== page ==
However, the data collections did sample different populations. The first round of data collection surveyed a nationally representative sample of adults ages 16–65, while the second round did not survey a nationally representative sample of adults, but rather only the key subgroups of interest. The second round of PIAAC also surveyed two subgroups of the population that were not part of the first round of data collection: older adults (ages 66–74) and incarcerated adults (ages 16–74). Note that the two household samples from the first and second rounds of data collection were combined to provide a nationally representative sample of 16- to 74-year-old adults across the period of data collection (2011–2014). The third round of data collection surveyed a nationally representative sample of adults ages 16–74.

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The first round of data collection for PIAAC (in 2012) had a sample of 5,010 U.S. adults (ages 16–65) and did not oversample any specific subgroups of interest. The second round of data collection for PIAAC (in 2014) sampled 3,660 U.S. adults who were unemployed (ages 16–65), young (ages 16–34), or older (ages 66–74). The household sample selection in the second round differed from the first and third rounds in that only persons in the target groups were selected. The sampling approach in the second round consisted of an area sample that used the same primary sampling units (PSUs) as in the first round; in addition, it included a list sample of dwelling units from high-unemployment Census tracts in order to obtain the oversample of unemployed adults. When the data from the first and second rounds are combined, they produce a nationally representative sample with larger subgroup sample sizes that can produce estimates of higher precision for the subgroups of interest.

The third round of data collection for PIAAC (in 2017) had a sample of 3,660 U.S. adults (ages 16–74) and, similar to the first round, did not oversample any specific subgroups of interest. The sample design for the third round minimized overlap with the PIAAC 2012/2014 PSUs in order to add sample cases from counties with different demographic characteristics. This was done in order to optimize the combined 2012/14/17 sample for county-level estimation.

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Additional U.S. PIAAC data

U.S. PIAAC Combined 2012/2014 Data

The United States conducted two rounds of data collection for PIAAC, but not two independent studies. The first and second rounds of data collected are meant to be combined and analyzed together, but they cannot be compared.

Because of the timing of the first and second rounds of the PIAAC data collection in the United States, the information available for each round’s sampling frames differed. Specifically, the 2012 data were based on the 2000 U.S. Census, while the 2014 data were based on the 2010 U.S. Census. Therefore, in addition to the larger combined sample (8,670 for the household), the improved accuracy of estimates is due in part to the revised population estimates based on the 2010 Census data, which were unavailable when PIAAC 2012 went into the field.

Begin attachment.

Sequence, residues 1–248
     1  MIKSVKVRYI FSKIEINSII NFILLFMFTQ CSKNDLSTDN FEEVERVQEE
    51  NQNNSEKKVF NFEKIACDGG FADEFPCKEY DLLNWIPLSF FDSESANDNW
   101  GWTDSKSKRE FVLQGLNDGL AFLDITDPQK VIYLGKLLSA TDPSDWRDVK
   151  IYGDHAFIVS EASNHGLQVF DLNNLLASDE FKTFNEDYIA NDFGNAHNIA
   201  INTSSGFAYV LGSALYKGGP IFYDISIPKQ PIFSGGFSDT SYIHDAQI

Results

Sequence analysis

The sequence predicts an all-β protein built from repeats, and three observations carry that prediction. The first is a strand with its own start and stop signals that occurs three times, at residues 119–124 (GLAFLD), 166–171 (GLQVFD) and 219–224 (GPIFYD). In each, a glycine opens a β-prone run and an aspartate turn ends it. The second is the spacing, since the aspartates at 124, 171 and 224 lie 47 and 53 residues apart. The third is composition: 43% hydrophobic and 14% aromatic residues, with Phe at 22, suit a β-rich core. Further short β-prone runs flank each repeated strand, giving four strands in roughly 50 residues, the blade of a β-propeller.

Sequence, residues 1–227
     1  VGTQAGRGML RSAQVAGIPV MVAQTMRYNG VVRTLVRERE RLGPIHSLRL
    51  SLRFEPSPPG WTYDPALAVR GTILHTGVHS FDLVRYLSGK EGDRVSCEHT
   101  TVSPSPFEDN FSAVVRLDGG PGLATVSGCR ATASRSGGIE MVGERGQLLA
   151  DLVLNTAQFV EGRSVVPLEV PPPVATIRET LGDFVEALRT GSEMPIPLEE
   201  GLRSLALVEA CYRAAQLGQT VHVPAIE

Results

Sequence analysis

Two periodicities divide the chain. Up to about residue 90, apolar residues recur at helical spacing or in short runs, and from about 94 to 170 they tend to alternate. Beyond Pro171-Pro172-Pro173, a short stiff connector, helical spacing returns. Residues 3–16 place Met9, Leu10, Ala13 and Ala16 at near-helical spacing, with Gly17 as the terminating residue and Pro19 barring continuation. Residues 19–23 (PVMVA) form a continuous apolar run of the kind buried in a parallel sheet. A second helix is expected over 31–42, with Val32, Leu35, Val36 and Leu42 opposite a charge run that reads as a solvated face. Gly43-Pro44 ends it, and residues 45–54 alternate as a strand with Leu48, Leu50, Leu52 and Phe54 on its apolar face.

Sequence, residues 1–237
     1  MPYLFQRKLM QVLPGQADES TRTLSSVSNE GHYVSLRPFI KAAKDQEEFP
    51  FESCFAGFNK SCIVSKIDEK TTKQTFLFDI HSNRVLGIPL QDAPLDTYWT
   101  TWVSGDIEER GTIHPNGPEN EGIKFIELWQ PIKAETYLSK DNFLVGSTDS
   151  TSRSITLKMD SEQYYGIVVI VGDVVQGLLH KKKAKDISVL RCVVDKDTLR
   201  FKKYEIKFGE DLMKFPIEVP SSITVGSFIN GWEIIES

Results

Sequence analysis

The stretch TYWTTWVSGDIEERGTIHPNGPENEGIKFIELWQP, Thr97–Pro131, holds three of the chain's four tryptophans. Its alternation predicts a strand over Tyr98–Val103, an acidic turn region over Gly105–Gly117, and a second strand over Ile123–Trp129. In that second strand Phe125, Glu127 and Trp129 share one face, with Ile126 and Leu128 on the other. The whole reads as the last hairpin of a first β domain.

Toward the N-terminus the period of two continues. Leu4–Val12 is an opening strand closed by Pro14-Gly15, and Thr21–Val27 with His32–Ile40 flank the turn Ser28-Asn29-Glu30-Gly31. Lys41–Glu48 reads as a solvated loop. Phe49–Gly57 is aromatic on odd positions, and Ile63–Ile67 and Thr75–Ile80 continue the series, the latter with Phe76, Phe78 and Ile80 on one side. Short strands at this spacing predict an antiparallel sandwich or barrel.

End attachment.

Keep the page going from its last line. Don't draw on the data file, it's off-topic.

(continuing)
For the 2012 data collection, weights for all respondents were calibrated to the U.S. Census Bureau's 2010 American Community Survey population totals for those ages 16–65. (The 2010 American Community Survey population totals were derived from 2000 U.S. Census projections because the full 2010 U.S. Census population results were not yet available.) Once the 2010 U.S. Census population results were finalized, the U.S. Census refreshed its entire time series of estimates going back to the previous census each year using the most current data and methodology. One result of this refresh is a shift in the proportion of the population with more education.

A comparison of the population totals used to calibrate the 2012 Main Study data with those used to calibrate the composite 2012/2014 dataset reveals that the percentage of the U.S. population ages 16–65 with college experience (some college or a college degree) increased by 3 to 4 percent and the percentage of the population ages 16–65 with less than a high school diploma decreased by 4 percent. This change has no effect on PIAAC's measurement of skills in the United States, but it does mean that the proportion of the population with higher skills has been found to be larger than previously estimated for the 2012 Main Study. Therefore, adults' skills did not change in this time period, but due to the larger sample and the updated Census data, the estimates of skills reported with the combined 2012/2014 sample are more accurate.

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The combined 2012/2014 U.S. household sample of all adults ages 16–65 can be compared to the samples from other countries that participated in PIAAC. Two of the additional subsamples that were a focus of the National Supplement can also be compared to international samples: the sample of younger adults ages 16–34 and unemployed adults ages 16–65.

Two of the other household samples are unique to the U.S. supplemental study and cannot be compared to samples from other countries: the sample of older adults 66–74 and the total sample of adults 16–74.

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U.S. PIAAC 2017 Data